You Need a Hobby

I’ve often heard designers explain how important it is to find inspiration outside of your work — outside the field of design. But I’ve always struggled to understand what they meant.

Today, I’m coming to understand that this means you need a hobby. Hobbies are more than relaxation — they’re also inspiration for our work.

Jason Fried, who is the CEO at Basecamp, is one of the people who I think exemplifies this. He’s a designer by trade, but judging off his Instagram, he has a huge interest in watches. And this, I would assume, isn’t forced. It’s not like Fried gets stuck for ideas and turns to watches for inspiration. It’s just something that he loves that he spends time researching, reading about, and learning from. Those learnings can influence what he does at Basecamp.

You might already have a hobby like this. I know I’ve been doing it for a couple years, somewhat accidentally.

One of the websites I’ve made in the past couple years is Unsung Sundays, which is my music blog (currently on hiatus). It’s been over a year since I re-designed it, but I still get emails from strangers complimenting this site’s design. The thing is, designing it came naturally because I’m passionate about music.

I love music. Nearly everything I touch in design is influenced by my love for music. The way I think about colours and visuals the way I think about my guitar playing. I try to dramatize my designs the way you might when you’re writing a song. It’s not that this always improves my design, but it’s a part of my aesthetic, and that aesthetic is (sometimes) why people hire me.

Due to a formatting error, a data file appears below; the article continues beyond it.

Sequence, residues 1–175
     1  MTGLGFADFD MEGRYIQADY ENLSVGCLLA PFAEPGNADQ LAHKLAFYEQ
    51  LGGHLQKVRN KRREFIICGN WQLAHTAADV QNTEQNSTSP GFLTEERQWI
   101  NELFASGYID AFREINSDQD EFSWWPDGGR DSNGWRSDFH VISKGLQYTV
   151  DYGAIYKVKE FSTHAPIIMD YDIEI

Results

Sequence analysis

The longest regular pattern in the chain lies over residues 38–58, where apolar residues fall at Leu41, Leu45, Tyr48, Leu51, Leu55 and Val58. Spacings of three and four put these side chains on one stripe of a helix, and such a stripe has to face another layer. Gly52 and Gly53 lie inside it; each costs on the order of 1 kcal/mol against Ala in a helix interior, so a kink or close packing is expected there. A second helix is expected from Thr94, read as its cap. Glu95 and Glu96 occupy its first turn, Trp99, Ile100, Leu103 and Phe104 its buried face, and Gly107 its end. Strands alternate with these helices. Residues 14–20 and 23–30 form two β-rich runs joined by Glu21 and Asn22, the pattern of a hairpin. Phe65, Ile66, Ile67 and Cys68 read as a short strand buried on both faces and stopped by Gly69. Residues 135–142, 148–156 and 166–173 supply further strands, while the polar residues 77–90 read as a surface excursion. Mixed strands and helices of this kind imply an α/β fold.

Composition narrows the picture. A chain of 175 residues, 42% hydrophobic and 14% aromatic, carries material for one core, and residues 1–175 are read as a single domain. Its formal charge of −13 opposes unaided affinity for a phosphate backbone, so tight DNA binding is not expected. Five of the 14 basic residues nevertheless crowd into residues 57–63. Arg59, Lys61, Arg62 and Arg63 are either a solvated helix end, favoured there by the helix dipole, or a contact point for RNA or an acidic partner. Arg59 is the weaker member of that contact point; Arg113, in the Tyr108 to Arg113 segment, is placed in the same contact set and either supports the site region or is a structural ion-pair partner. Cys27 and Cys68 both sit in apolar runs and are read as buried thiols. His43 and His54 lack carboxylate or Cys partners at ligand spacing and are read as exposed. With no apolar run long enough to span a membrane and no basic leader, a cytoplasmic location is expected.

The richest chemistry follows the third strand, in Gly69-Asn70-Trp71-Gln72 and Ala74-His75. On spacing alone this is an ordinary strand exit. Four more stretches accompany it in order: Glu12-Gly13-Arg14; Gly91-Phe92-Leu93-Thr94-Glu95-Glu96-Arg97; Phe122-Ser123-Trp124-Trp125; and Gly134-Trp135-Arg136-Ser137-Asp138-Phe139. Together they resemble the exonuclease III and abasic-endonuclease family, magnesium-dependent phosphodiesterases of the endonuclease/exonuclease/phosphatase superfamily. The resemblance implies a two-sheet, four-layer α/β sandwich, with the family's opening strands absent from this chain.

I also keep my guitars and an amp beside my desk. Partially because we have no space anywhere else in the apartment, but also because I often play when I’m stumped and need to think something through. The guitars keep me creatively energized.

None of this is an excuse to shirk work for your hobbies. It’s encouragement to find something you love doing outside of work.

Here are some other things that might creatively lift you up, if you’re looking for ways to get started:

  • Cinematography. Good, dramatic colour grading can be really inspiring when it’s time to work with colours. Plus, this can be an excuse to watch some wicked movies.
  • Volunteering. I know many people who are spiritually and emotionally energized by the community they volunteer with.
  • Photography (assuming you’re not a pro) can encourage you to see the world from new perspectives.
  • Poetry (or other good writing). At the end of the day, we are all communicators. Whether you work with words or not, reading well-written prose or poetry can inspire and expand our vocabulary.
  • Video games. This is art too, right? (I won’t deny that I’ve been playing the new Zelda non-stop.)
  • Sports or the gym. (I enjoy going to the gym, but don’t find it inspiring at all. That might not be the case for you, though.)

Hobbies can create a loop that keeps you feeling refreshed and inspired. They’re worth your time.

Originally published at on May 17, 2017.

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